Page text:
My name is Kartik Papatla and I am 16 years old.  I started studying the cello when I was six years old.

What grade are you in now and what school do you go to? 

I will be a junior at Homestead High School (below) in Mequon starting this fall.

What are your favorite subjects? Do you have other areas of interest?

I enjoy all subjects in school, but my favorites are mathematics and chemistry.  I am also part of the forensics team at my school and I love to travel.

What are your plans for higher education and a career? 

I plan to attend a university to study engineering. However, I will continue to pursue music throughout my lifetime.

Who is your music teacher? 

I study with Scott Cook at the String Academy of Wisconsin.

Do you have a favorite composer and favorite pieces to listen to or to play? 

If I had to choose one composer as my favorite, I would choose Tchaikovsky (below).  What I enjoy about his music is that there is so much organization to it, yet it has a great deal of musicality and emotion.  However, I cannot say that I have certain favorite pieces to listen to and play because it is impossible for me to narrow all classical music down to a select few.

Why is playing music important to you and what does playing music teach you? 

Playing music has been an integral part of my life for close to 10 years.  I immensely enjoy the process of understanding the nuances of a piece, working on incorporating them into my hours practice, and performing the piece. I feel that the many years of researching and understanding the finer points of different compositions and trying to master them has taught me patience, diligence and the rewards of perseverance.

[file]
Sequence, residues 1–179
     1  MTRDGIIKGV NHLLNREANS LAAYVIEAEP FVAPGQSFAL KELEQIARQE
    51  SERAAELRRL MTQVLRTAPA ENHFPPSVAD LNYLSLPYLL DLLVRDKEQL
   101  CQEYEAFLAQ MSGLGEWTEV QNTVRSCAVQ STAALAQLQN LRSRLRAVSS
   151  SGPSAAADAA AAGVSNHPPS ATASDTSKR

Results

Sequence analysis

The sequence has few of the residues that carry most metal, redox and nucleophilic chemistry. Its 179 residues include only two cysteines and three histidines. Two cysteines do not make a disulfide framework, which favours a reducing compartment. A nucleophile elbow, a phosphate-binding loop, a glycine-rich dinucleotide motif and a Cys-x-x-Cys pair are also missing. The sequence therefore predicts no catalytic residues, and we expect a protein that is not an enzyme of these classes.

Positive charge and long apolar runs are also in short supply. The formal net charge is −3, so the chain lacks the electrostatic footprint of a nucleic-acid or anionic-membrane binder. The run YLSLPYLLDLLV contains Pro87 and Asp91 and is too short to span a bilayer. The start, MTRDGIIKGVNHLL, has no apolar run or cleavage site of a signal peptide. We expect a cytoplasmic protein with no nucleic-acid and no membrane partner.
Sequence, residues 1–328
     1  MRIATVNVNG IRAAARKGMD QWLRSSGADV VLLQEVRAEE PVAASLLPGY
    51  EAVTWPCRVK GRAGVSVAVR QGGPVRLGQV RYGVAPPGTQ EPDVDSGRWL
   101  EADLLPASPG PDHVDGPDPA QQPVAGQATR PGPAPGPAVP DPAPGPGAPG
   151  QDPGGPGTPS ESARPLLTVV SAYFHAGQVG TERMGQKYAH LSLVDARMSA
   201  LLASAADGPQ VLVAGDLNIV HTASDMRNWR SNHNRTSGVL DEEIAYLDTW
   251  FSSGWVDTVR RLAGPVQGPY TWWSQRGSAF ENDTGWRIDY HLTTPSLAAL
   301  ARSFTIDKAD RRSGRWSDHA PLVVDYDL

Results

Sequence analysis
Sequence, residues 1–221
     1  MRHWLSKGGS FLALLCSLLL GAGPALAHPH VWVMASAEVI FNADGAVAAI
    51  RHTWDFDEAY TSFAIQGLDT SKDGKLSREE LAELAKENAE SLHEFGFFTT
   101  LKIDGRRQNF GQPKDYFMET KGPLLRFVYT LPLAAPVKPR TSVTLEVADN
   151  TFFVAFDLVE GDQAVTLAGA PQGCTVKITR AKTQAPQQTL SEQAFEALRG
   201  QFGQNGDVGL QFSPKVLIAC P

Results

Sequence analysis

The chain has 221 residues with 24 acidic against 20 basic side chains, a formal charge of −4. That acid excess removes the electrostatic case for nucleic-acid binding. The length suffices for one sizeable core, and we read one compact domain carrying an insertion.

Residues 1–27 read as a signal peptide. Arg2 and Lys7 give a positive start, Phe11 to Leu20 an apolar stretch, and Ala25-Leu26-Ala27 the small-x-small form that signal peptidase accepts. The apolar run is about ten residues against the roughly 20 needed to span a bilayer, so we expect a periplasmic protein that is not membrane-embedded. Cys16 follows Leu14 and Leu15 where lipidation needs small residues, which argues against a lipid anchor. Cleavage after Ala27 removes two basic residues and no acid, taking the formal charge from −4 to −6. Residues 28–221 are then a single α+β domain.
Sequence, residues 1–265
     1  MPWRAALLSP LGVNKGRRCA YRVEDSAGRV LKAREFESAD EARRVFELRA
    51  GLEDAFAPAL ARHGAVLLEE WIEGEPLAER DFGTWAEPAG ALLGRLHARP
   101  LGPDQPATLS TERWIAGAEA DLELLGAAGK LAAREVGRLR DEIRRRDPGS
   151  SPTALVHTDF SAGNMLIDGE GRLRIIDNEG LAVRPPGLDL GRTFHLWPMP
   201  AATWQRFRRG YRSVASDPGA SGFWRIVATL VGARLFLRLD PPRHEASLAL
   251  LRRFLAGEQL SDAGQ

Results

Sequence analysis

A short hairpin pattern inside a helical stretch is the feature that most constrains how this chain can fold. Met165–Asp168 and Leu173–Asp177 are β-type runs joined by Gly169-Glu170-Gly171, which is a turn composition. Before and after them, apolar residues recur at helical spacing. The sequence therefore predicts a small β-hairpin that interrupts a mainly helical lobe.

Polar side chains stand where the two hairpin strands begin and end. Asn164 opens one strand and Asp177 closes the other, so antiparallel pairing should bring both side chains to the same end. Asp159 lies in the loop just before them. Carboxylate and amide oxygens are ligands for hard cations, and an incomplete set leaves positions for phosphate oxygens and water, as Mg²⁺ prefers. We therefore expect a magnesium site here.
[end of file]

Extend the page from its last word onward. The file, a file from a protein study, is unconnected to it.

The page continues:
What different kinds of music do you listen to and like? 

Although I mostly listen to classical music, I do enjoy other types of music.  For example, I listen to popular music on the radio and to instrumental and world music.

Was there an Aha! Moment or turning point – perhaps a certain performer or piece — when you knew you wanted to be very serious about pursuing classical music?   

Let me begin by saying that I am very fortunate to have had many great musical opportunities over the last couple of years.  Perhaps the closest thing to a turning point in my music education was when I had the opportunity to perform at the Milwaukee Symphony Orchestra’s Holiday Pops Concerts at the age of 12.

I played a duet with another young violinist, accompanied by the Milwaukee Symphony Orchestra (below) under guest conductor Jeff Tyzik (below).  This was the first time that I played with a professional orchestra and in front of a full concert hall.  It was an exhilarating and rewarding experience.

What advice would you give others, young students and adults, about studying music?  

Practice with the intention of improving your playing and not with the intention of just getting something done. This will make all of the difference in the long run. Also, listen to as many recordings as you can of the piece you are working on, and from each one extract certain things that you would like to incorporate into your own interpretation of the piece.

How important do you think music education is in relation to other areas of education? 

I believe that music education is extremely important to other areas of education because it teaches valuable skills that, when applied to other non-music education, will allow one to excel. For instance, it teaches discipline and concentration, and encourages one to strive for perfection.

What does getting the chance to perform a concerto with an orchestra mean to you and why? 

To perform a concerto with a professional orchestra is every classical musician’s dream.  Having this opportunity is not only a great honor but evidence to me that all of the hard work over the last 10 years has gone toward something that I can be proud of.